Mattison Boveri is a junior currently studying abroad in Thailand through a fully funded scholarship from the U.S. State Department. Her weekly observations will be posted in her column in The Forest Scout, “Half the World Away.”
In Thailand there exist few numbers that dictate my life. Time is but a suggestion, weight or height I am blissfully oblivious to, and I can easily lose count of the number of mangoes eaten per day. There is one exception, the number of days in Thailand and the number of days until I go home.
At this point, I am halfway through my exchange year. When writing this sentence, I am filled with a feeling of pride and accomplishment. Just five months ago, I stepped onto a plane and prepared to start my life halfway around the world. Five month from now, I will step onto another plane and return back to the U.S. Since beginning this journey, I have learned more about a different culture and country than I ever could from a classroom. However, maybe more importantly, I have learned about myself.
Most obviously, I have learned to step outside my comfort zone because everything is new to me. In doing so, I have made a lot of mistakes and try not take the criticism too seriously. Discovering the subtleties in another culture comes through trial and error. Being uncomfortable or embarrassed is unavoidable when your ideas of polite manners is the exact opposite in the context of your host culture.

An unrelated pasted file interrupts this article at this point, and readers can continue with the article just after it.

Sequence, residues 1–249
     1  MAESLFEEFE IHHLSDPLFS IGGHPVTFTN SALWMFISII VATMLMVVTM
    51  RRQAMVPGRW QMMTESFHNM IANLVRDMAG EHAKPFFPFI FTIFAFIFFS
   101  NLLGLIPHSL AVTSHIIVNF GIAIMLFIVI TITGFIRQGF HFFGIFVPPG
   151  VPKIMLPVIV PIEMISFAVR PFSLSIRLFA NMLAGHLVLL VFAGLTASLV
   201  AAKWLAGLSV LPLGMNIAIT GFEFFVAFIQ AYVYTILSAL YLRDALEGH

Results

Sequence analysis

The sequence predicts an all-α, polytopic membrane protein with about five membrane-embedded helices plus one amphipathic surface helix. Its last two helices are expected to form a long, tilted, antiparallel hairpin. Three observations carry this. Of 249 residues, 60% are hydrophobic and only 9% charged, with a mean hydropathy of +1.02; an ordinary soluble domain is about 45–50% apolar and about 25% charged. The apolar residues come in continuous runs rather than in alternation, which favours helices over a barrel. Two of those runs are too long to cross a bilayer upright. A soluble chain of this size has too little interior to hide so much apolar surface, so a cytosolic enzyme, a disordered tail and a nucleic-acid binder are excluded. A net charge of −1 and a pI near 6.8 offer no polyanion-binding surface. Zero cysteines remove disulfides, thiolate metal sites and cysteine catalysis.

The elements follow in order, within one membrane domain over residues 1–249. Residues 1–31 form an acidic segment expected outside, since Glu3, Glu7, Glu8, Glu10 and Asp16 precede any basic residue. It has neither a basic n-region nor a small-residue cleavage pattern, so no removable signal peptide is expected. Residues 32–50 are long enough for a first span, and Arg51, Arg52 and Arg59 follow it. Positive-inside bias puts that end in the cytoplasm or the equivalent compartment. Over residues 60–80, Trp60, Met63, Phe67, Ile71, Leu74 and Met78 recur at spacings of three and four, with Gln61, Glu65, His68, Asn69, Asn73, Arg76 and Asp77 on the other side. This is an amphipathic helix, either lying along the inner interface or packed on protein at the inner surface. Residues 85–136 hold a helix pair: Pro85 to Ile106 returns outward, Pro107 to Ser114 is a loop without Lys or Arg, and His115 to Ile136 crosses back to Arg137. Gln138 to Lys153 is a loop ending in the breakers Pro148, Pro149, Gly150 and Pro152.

Distance makes the heart grow fonder, which I have realized this year with respect to my family. The most difficult aspect of my exchange is the occasional loneliness. While Thailand is known as the Land of Smiles it is not an affectionate culture. Thai people do not shake hands or hug. The lack of physical contact can add to the feeling of isolation. When I had lived abroad before, I was with my family. I braved all the complexities of a foreign environment with loved ones by my side. Going on exchange alone has opened my eyes to how important family is and how precious the time is that you spend with them. Especially during the holidays, when all my fondest memories are connected to my family, it doesn’t seem right to try and celebrate when they are so far from me, and its 86 degrees Fahrenheit.
The most glaring of self realizations is how much I have taken for granted my entire life. I am living very comfortably in Thailand but I am not blind to the fact that not everyone is. Specifically in school, I now notice what a privilege is it to have air conditioning, heating, diverse food options, school computers, western style toilets, and hand soap.
Lastly, I recognized my deep rooted and everlasting love for hummus and Mexican food, the latter of which I have been without since arriving in Thailand.
The expected feeling of “Oh my gosh! Halfway! What? Time goes by so fast!” is not the most prevalent emotion at the moment. Each day I wake up and face 24 hours full of challenges. These obstacles are specific to my situation, right here, right now. Everyday these change. But they always leave me full of new questions, answers, and exhausted. Each day is earned. The satisfaction of reaching halfway comes from appreciating all the trials and tribulations that have led me here.
Since being an exchange student I have gained so much respect for other exchange students and people who live in and confront a different culture on their own. Roughly 150 days in Thailand with about 150 days to go. So far, no regret has hit. While some students might look back at the halfway point on exchange and think about all they haven’t accomplished, I feel confident and believe that I have experienced a very fulfilling half of my exchange year. I am over the hump, it is all downhill from here. Hoping for another half as adventurous and intriguing as the first.